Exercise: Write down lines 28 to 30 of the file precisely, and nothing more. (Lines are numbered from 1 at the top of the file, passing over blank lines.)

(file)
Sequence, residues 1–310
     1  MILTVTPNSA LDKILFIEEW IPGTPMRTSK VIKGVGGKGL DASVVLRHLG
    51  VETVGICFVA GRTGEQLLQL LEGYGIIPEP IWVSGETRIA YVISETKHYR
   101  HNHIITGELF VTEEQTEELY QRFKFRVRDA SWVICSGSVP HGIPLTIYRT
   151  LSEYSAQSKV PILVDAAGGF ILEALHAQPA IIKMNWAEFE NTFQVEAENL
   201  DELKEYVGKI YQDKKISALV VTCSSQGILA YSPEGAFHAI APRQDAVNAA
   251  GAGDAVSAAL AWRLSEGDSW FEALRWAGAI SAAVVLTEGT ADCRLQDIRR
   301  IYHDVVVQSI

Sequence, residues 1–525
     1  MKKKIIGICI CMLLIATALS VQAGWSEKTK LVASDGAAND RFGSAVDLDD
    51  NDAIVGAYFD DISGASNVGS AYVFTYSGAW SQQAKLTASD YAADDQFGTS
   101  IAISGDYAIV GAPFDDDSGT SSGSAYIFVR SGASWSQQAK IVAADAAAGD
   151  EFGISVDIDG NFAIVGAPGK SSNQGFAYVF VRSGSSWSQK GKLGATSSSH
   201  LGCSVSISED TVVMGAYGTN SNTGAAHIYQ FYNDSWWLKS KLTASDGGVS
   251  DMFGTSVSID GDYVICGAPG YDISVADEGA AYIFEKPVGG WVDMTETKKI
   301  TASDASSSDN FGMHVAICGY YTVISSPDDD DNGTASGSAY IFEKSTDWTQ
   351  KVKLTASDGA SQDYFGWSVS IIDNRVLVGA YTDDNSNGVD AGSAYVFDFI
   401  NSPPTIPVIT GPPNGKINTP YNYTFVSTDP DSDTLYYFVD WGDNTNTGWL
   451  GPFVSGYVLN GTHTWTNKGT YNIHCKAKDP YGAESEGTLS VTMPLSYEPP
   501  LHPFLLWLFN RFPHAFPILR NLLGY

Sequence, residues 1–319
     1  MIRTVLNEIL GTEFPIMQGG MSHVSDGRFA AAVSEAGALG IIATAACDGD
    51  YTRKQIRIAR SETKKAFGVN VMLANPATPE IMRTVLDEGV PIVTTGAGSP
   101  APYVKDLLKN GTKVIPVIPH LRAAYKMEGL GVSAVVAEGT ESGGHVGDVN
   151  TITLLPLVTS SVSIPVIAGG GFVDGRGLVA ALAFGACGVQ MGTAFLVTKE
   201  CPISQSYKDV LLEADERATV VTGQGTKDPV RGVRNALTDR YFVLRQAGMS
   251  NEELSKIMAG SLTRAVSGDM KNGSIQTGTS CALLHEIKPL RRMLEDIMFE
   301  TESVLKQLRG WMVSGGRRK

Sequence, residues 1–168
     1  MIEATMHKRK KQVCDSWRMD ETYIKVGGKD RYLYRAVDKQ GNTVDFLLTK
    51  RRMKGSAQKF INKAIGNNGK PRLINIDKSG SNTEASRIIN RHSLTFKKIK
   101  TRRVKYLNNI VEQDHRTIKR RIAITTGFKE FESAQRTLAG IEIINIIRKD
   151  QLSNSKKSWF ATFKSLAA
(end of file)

   301  TESVLKQLRG WMVSGGRRK

Sequence, residues 1–168
     1  MIEATMHKRK KQVCDSWRMD ETYIKVGGKD RYLYRAVDKQ GNTVDFLLTK